The Pulitzer Prizes announced Friday that Ken Fisher, drawing as Ruben Bolling; Lalo Alcaraz; and Marty Two Bulls Sr. were finalists in Editorial Cartooning. Winners were named in all 14 other journalism categories.

“We Are Human Beings. We Are Not Tools.”—The New York Times on “The Amazon That Customers Can’t See”

A New York Times story today by Jodi Kantor, Kanen Weise, and Grace Ashford was headlined “The Amazon That Customers Don’t See.” It was featured on page one and then jumped to five full pages of story inside. Much of the story was about what Amazon workers went through over the past year. The story’s deck said “Profits Soared, But Pandemic Exposed Flaws in Its Employment Machine.”

Here are some of the explanatory parts that went with the people stories:

Steve Padilla Says You Can Tune Up Your Writing With a Song

From a post on niemanstoryboard.org by Madeline Bodin headlined “Sage writing advice from the editor of Column One: Steve Padilla of the Los Angeles Times urges writers to tune up their writing with a song”:

“If you know what you want to say, you’ll figure out how to say it.”

That’s what Steve Padilla, editor of Column One at the Los Angeles Times, told the San Diego Press Club. I watched a recording of his talk, from my home in Vermont, and you can, too, on YouTube….

I realized it wasn’t words, but a tune that captured Padilla’s wisdom for me.

What Makes a News Story Trustworthy?

From a post on pewresearch.org by John Gramlich headlined “What makes a news story trustworthy?”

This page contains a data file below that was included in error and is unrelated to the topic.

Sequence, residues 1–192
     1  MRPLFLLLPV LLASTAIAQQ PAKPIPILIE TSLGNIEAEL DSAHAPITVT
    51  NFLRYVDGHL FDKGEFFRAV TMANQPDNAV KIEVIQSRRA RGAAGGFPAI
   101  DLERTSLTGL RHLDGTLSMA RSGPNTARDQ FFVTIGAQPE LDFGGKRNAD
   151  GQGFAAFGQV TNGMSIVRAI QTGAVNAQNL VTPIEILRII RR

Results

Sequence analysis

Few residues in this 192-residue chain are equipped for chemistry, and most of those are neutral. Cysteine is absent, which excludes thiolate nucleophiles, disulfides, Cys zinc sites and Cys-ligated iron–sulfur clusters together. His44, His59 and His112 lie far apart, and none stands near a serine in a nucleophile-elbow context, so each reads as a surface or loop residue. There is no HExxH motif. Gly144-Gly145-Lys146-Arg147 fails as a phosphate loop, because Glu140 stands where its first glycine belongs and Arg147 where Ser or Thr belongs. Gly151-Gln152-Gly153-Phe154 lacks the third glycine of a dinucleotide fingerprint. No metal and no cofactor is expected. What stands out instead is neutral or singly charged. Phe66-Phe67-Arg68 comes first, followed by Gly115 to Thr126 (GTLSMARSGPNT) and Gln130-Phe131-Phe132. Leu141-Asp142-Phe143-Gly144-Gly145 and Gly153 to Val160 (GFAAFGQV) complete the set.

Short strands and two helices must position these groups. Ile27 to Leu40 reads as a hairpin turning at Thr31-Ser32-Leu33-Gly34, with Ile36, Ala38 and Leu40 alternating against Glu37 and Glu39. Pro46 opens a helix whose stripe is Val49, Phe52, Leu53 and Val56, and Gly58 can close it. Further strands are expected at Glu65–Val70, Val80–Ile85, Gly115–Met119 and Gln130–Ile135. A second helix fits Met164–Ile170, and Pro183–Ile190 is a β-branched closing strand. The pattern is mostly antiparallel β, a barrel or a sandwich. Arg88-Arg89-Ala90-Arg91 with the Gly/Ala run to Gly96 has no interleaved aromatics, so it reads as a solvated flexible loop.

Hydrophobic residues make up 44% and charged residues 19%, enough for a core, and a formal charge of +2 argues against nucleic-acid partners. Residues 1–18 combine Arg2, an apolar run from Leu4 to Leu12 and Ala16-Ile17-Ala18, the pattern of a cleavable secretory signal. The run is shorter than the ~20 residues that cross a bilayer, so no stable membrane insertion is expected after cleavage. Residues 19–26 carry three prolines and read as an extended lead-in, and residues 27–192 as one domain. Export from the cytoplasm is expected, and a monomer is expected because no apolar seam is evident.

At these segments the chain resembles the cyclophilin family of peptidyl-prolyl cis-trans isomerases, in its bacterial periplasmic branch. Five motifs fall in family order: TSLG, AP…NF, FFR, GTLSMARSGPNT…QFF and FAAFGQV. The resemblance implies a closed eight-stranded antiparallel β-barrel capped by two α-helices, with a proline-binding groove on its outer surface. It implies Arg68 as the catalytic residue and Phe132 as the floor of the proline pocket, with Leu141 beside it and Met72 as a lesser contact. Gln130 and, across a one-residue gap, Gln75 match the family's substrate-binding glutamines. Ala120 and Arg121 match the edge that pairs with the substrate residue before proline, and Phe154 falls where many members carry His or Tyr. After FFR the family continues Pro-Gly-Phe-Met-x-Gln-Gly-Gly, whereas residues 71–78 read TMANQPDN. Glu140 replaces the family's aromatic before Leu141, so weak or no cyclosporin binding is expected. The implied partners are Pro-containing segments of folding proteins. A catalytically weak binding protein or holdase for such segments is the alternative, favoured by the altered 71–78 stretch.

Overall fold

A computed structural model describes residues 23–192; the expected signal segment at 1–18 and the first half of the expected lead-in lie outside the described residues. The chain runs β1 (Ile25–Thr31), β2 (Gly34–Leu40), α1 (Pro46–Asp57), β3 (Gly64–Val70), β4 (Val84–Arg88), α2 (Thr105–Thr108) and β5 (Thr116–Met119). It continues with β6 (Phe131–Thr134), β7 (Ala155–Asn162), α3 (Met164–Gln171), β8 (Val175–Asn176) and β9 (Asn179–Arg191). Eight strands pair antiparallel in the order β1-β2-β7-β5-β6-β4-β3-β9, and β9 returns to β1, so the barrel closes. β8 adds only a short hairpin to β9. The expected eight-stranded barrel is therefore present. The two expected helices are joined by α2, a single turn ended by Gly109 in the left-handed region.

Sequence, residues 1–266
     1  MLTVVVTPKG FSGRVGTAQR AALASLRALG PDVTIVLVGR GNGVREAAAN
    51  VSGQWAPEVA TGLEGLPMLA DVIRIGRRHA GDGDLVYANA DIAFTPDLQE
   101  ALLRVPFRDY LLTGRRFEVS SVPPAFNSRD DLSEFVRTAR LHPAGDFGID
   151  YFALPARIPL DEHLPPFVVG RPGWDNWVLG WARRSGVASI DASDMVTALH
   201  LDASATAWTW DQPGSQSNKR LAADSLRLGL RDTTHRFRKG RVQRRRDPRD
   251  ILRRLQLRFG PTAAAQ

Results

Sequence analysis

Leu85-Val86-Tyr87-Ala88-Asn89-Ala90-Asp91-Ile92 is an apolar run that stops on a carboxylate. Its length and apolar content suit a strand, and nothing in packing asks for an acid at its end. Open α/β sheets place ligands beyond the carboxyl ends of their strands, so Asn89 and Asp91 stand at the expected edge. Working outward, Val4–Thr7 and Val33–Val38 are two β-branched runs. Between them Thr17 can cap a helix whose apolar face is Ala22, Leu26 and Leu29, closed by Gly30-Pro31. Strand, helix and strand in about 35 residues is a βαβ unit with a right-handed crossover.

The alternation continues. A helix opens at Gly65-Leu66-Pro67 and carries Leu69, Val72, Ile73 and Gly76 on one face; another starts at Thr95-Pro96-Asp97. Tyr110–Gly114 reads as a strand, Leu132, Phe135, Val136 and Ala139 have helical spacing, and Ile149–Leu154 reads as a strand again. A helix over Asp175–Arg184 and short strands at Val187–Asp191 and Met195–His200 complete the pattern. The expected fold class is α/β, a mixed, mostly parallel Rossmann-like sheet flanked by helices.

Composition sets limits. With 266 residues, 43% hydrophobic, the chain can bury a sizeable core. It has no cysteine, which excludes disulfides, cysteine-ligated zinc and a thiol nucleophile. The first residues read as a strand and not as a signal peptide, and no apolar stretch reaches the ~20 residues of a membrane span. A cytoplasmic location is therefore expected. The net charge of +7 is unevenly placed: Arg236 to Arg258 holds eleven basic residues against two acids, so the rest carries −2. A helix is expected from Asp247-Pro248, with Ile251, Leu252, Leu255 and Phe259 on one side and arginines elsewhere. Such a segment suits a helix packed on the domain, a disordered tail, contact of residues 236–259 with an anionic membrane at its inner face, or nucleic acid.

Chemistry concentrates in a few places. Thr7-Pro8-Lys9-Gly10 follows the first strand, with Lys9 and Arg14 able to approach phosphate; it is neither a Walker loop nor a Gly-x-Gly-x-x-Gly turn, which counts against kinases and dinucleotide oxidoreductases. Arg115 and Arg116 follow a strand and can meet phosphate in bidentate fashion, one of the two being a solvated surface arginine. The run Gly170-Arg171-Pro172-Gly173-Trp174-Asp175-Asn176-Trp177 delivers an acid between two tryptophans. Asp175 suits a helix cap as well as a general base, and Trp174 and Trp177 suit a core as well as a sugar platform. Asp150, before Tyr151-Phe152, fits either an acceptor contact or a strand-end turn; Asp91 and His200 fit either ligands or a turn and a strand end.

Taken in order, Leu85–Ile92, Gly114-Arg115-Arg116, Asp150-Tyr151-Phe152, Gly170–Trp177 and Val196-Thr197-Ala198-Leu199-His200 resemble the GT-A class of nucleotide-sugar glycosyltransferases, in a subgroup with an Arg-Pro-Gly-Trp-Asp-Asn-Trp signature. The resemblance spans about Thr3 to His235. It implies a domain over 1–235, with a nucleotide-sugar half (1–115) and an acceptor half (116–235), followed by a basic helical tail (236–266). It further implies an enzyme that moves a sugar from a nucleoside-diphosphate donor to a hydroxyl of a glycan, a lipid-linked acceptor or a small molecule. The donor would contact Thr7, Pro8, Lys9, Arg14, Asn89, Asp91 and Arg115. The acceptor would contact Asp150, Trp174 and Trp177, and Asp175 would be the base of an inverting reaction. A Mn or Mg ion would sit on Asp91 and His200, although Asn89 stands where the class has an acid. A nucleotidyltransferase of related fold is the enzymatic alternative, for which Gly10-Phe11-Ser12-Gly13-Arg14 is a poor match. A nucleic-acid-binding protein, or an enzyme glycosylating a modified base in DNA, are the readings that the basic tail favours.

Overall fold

Americans see a variety of factors as important when it comes to deciding whether a news story is trustworthy or not, but their attitudes vary by party affiliation, demographic characteristics and news consumption habits, according to a recent Pew Research Center survey.

Former New York Police Chief Bill Bratton Talks About His Favorite Authors and Books

From a New York Times By the Book interview headlined “Bill Bratton Doesn’t Root for the Bad Guys”:

A fan of crime novels, the former police commissioner and the author, with Peter Knobler, of a new memoir, “The Profession,” loves Michael Connelly’s hero Harry Bosch — but adds, “I don’t have a favorite villain.”

What books are on your night stand?

At any given time I’m reading three or four books: one in the living room and one on my Kindle for travel. Usually a history, a mystery, a biography, a book on leadership and one on current political issues.

Reviewing Alexander Lobrano’s Memoir About Dining in Paris: “He Is a Poetic Writer About Food”

From a Wall Street Journal review  by Moira Hodgson of the book by Alexander Lobrano titled “My Place at the Table”:

In 1986, Alexander Lobrano was offered a job writing for Women’s Wear Daily and W magazine in Paris. He accepted at once. No matter that he didn’t know a thing about his assigned beat, men’s fashion. John Fairchild, the much-feared publisher, told him not to worry. “If it doesn’t work out, that’s easy. I’ll fire you.”